handshake. This is more a kissing of the air near the person's cheek. Start with the left
cheek and alternate.
. Men never kiss other men; they always shake hands.
Gift Giving Etiquette
. If you are invited to a Belgian's house, bring flowers or good quality chocolates for
. Older Belgians may expect flowers to be unwrapped.
. Do not give white chrysanthemums as they signify death.
. Flowers should be given in an odd number, but not 13.
. Liquor or wine should only be given to close friends.
. Gifts are opened when received.
. Belgians socialize in their homes and restaurants.
. If you receive a written invitation, the response must be written as well.
. Wait for your host or hostess to introduce you to the other guests.
Arrive on time. Punctuality demonstrates respect.
. Wait for your host to tell you where to sit.
. Women take their seats before men.
. Table manners are Continental -- the fork is held in the left hand and the knife in the
right while eating.
. Keep your wrists above the table when eating.
. Wait to see if your host offers a toast before sipping your drink.
. The guest of honour may also give a toast.
. Women may offer a toast.
. It is polite to stand for a toast.
. The Flemish raise their glasses twice during a toast. The glass is initially raised during
the toast and then at the completion of the toast.
. Never leave food on your plate. It is seen as both rude and wasteful.
. Indicate you have finished eating by laying your knife and fork parallel on your plate,
tines facing upwards, with the handles facing to the right.
. Belgians take pride in their cuisine, so praising a meal is a sincere compliment.
"Belgian musical instruments and music"
The music of Belgium is a cultural crossroads where Flemish Dutch-speaking
and Walloon French-speaking traditions mix with those of German minorities and of
immigrant communities from Democratic Republic of the Congo and other distant
1 Classical Music
2 Blues and jazz
3 Folk and other traditional music
6 Pop and Rock
6.1 Indie Rock
8 Electronic Music
9 African music
. Men should wear dark coloured,
conservative business suits with
white shirts and silk ties.
. Women should wear business
suits or conservative dresses.
. Men should only wear laced
shoes, never loafers or other slip-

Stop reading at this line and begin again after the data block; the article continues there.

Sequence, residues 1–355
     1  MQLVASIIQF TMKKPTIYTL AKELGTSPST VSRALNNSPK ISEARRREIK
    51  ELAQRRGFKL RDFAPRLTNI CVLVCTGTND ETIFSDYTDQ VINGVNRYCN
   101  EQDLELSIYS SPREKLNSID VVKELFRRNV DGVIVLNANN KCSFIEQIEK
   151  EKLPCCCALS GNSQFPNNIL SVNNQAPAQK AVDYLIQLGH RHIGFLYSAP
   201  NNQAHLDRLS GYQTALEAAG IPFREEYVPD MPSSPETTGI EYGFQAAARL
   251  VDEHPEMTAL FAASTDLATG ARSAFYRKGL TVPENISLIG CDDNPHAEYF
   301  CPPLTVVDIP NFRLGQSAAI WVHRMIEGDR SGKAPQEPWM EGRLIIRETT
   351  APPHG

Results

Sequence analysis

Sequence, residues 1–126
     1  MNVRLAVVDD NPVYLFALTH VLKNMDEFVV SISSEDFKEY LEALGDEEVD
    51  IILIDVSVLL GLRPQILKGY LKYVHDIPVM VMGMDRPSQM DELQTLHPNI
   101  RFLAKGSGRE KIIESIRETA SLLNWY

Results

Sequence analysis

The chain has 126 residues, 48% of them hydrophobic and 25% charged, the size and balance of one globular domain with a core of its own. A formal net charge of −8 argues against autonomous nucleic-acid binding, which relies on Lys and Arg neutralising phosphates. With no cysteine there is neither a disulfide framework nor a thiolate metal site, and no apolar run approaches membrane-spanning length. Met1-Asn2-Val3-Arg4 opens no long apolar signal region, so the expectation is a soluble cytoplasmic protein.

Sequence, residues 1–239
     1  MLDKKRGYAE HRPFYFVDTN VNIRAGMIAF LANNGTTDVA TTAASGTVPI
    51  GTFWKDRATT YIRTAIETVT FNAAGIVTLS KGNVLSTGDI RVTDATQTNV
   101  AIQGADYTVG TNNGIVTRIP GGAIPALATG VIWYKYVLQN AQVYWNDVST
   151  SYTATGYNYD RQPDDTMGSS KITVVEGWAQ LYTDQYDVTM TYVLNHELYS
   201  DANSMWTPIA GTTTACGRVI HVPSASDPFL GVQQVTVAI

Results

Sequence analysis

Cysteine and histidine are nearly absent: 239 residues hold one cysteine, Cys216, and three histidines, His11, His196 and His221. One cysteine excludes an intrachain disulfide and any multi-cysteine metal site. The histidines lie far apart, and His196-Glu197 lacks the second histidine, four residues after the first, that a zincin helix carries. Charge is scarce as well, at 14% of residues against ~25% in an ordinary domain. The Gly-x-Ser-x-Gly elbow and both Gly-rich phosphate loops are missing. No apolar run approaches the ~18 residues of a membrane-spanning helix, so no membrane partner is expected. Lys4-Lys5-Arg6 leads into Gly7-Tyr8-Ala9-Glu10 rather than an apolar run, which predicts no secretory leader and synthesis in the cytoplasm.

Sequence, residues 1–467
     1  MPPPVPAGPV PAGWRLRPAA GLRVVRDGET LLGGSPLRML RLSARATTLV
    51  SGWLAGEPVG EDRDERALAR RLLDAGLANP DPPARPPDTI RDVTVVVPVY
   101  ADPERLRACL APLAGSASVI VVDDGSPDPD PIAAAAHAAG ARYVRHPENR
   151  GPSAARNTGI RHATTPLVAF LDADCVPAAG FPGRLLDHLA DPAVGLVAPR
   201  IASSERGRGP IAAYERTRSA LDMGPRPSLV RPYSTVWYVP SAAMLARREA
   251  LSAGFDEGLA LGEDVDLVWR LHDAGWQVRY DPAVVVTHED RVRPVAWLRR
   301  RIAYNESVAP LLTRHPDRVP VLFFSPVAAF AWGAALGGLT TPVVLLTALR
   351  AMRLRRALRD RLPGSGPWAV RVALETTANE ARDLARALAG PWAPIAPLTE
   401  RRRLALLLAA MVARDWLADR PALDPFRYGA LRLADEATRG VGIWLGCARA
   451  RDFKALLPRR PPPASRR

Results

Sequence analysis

ons, as they are too casual.
. Polished shoes are an integral
part of a professional image.
Belgians, especially those in the cities,
wear modern Western-style clothes.
Men who work in offices are expected to
wear suit jackets to work. It is generally
acceptable for women to wear slacks to
work. The ethnic costumes of the
Flemings and Walloons are seldom
worn today. On some farms women still
wear the traditional dark-colored
clothing and white aprons, and men
wear the old-fashioned caps.
Ancient Belgium Dressing Style
Modern Belgium Dressing Style
Modern Wedding in belgium
Ancient Wedding in Belgium
Parliamentarium Brussels The Cube Brussels Cheval Noir Brussels
Rue de la Loi Brussels
Mormont House Grand Hotel Casselbergh
Its government is a
democracy with a
Belgium is divided
ethnically into the
Flemings and French-
Fleming 58%, Walloon 31%, mixed or other
Centuries of tradition make for great festivals. Belgium is
home to hundreds of festivals, pageants and carnivals
throughout the year. In fact, it would be difficult to find a
time in Belgium when there isn't some kind of organized
revelry taking place whether it be themed on music, art,
film or exuberant historic processions that have taken
place yearly since medieval times. A few are simple, but
most are elaborate, with old customs re-enacted and
locals dressed in ornate costumes. At the end of the day,
however, they're all about having a great time. Below are
a few Festival Highlights that take place throughout
Ommegang Festival -Brussels
Carnival de Binche – Binche ,
Stavelot (Mid-lent Carnival) - Stavelot
Zinneke Parade - Brussels .
Belgium enjoys its fine arts and it has
many historical museums
Musées royaux des Beaux-Arts de
Belgique is one of the most famous
museums located in Brussels.
The Royal Museum contains over 20,000
drawings, sculptures, and paintings, which
date from the early 15th century to the
Belgium has a great
It has a produced
which have done well
Cycling is also very
popular in Belgium
Belgium Cuisine is
very popular in
The most famous dish
in Belgium is the
Bread and potatoes are the traditional staple foods. Most meals include,
pork, chicken, or beef, and Seafood is popular in the northern part of the
country. The national drink is beer, but wine is imported in large quantities.
In northern cities, popular dishes include mussels with fries and waterzooi
a broth of vegetables and meat or fish. Throughout the country, French
fries are eaten with steaks or minced raw meat. Cooking is traditionally
done with butter rather than oil; there is also a high consumption of dairy
products. Immigration has ensured a diversity of "ethnic" restaurants and
is gradually changing the eating habits of the residents in culturally mixed
Christmas is an occasion for large family meals with grandparents
and cousins. There are many other occasions for long meals at public
and private celebrations, such as weddings, funerals, and the days
devoted to city and parish saints. Pastries are associated with
religious and civil occasions. At Christmas, people eat sweet bread in
the form of the child Jesus; at Easter, children are told that eggs are
dropped in the gardens by flying churchbells; and sugar beans are
distributed to those who visit a young mother.
Food in Daily Life.
Food Customs at Ceremonial Occasions.
Belgium culture is
very unique and
Belgium is a great
If you are looking
for something new
you should go